When Spike Lee’s Do the Right Thing came out in 1989, there was much discussion around what “the right thing” actually was. At the film’s climax, a police officer murders a young black man with a chokehold, prompting Mookie—the film’s protagonist, played by Spike Lee himself—to throw a trash can through the window of a pizzeria and start a riot. Questions about “the right thing” mostly centered around this act: was it right to destroy property as a response to racial injustice? Hinting at an answer (of sorts), Lee ends the film with a Martin Luther King Jr. quote decrying violence in response to oppression—but then, he follows it up with a Malcom X quote encouraging violence in response to oppression. Which is “the right thing”? Neither. That’s the point: it’s not that simple. It’s never that simple. If you’re dissatisfied with that, you’re not going to like Da 5 Bloods.

Lee’s newest film, premiering on Netflix due to the ongoing pandemic, follows four black Vietnam veterans who return to ‘Nam in search of two treasures: the remains of their fallen friend and literal buried gold. Each of da bloods is at a critical juncture in their life—one’s broke, another’s addicted to pain pills, all of them have crippling PTSD—but the most tortured of them is Paul, a jingoistic, Trump-supporting hothead who’s still haunted by nightmares of his fallen comrade. After the four vets meet in Ho Chi Minh, they’re intercepted by Paul’s son David, who joins them out of concern for his father.

The first act of Da 5 Bloods is a slow, winding trip back to the old battleground, traveling at the speed of Apocalypse Now’s river boat—and with plenty of winking references to Coppola’s Vietnam venture. This portion of the movie is Lee’s first work in years to feel reminiscent of his earliest films. Like in Do the Right Thing, a lot of the social commentary is bubbling under the surface, raising questions that aren’t supposed to have clear answers. Lee and co-screenwriter Kevin Willmott achieve this complexity by getting across how mercilessly connected everything is: racial tension, greed, imperialism, war—none can be “solved” unless all of the above are interrogated, and anything less will end in disaster. Lee ensures that this comes across in character interactions, keeping the human toll at the forefront. Take Paul, for example: we learn that he’s a Trump supporter because he fears immigrants, that his fear of immigrants stems partly from his hate of the Vietnamese, that he hates the Vietnamese because of his time in the war. Why did he enlist? Some Black Americans at the time believed that joining the country’s wars would help lessen racial tension. Why was there a Vietnam War? Imperialism. Greed. It’s all so entangled—and when that’s in the back of your mind, an altercation between Paul and a pushy Vietnamese merchant speaks more than volumes.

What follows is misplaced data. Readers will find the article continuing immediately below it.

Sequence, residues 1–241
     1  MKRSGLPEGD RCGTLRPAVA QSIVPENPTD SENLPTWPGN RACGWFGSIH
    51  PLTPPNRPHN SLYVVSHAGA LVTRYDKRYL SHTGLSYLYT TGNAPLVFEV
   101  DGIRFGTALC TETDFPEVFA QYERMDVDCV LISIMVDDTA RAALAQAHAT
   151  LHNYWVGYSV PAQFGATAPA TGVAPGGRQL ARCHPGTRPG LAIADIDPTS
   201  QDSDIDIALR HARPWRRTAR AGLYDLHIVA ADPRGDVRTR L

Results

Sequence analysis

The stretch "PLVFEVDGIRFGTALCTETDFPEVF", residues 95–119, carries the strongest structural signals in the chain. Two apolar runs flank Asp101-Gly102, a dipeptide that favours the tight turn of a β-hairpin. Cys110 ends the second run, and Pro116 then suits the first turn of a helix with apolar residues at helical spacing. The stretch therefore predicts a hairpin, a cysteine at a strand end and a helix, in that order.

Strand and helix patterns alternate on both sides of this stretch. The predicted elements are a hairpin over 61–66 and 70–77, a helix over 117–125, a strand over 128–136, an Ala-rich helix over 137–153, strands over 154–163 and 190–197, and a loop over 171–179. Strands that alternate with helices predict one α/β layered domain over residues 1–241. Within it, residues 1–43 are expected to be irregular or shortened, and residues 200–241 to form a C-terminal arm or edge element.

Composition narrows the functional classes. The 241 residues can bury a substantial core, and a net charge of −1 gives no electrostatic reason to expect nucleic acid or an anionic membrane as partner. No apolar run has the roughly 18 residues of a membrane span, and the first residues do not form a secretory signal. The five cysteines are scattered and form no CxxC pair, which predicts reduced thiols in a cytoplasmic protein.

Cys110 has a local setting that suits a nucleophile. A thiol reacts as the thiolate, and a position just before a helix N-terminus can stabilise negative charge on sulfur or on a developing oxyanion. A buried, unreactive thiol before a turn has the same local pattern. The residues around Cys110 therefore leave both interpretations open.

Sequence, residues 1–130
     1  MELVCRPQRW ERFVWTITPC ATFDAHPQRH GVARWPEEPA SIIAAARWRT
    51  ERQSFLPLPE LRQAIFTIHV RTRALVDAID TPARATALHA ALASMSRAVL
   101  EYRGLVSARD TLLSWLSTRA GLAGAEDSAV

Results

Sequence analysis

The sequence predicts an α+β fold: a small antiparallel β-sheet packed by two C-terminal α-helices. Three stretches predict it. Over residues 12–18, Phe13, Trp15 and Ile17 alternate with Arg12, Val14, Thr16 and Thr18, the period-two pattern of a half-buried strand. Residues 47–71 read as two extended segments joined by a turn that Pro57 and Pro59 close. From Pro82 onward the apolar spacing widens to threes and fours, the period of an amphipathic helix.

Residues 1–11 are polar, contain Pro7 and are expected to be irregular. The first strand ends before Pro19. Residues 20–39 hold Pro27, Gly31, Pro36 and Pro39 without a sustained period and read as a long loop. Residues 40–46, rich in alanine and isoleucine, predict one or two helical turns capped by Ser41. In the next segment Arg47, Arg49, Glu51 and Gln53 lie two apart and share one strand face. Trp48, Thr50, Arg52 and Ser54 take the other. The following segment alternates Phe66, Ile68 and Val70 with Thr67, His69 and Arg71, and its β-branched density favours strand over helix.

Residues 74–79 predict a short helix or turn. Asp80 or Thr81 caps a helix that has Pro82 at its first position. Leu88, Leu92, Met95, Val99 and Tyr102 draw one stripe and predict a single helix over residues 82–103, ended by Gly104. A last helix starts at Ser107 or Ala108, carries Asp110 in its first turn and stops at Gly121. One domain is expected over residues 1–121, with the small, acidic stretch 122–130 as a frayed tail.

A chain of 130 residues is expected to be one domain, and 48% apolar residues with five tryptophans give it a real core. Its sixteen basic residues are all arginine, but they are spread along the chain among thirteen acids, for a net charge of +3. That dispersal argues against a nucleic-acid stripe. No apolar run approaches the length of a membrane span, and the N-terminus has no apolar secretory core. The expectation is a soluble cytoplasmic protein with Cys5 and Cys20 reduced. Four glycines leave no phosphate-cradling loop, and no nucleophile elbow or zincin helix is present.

Later in the movie, when the treasure hunt starts to inevitably go wrong, Da 5 Bloods morphs into something more resembling Lee’s recent work, a period I like to dub his “protest films”. They’re unsubtle by design, and by necessity—his 2015 film Chi-Raq, a condemnation of gun violence in Chicago, opens with the words “THIS IS AN EMERGENCY” blaring on screen before a narrator lists facts about gun violence in Chicago. Not a lot of room for interpretation there. Similarly, the latter acts of Da 5 Bloods go straight for the throat: reenactments of Hanoi Hannah’s actual broadcasts, preaching the sins of white leaders in America; flashes of real, graphic photos from the Vietnam War; a full-throated endorsement of the Black Lives Matter movement. Lee and Willmott deftly tie the past and the movie’s story into screams for modern justice.

Lee firing on all cylinders does come at the cost of cohesion, though. Da 5 Bloods is massively ambitious, but it can sometimes feel like multiple movies mashed together, especially when the thematic undertones take a back seat to (horrendously predictable) shoot-outs and explosions. There’s even a weird, pseudo-romantic subplot that doesn’t gel with any of the different movies crammed into Da 5 Bloods. This is two and a half hours of Lee doing the absolute most, so you’ll have to take the good with the bad—but what’s good is some of his best work yet. And not just Spike’s best work: Delroy Lindo, the actor playing Paul, turns in a performance so impressive that you’ll have to clean jaw marks off the floor. One of his monologues gives Marlon Brando a run for his money.

Hopefully, Da 5 Bloods won’t be as prescient and topical in 30 years as Do the Right Thing is now. Perhaps we can avoid bloodshed if we do one of the few things that we know to be right, like bringing the cops who murdered Breonna Taylor to justice. Now that would be even greater than this movie.

★★★★   (4/5)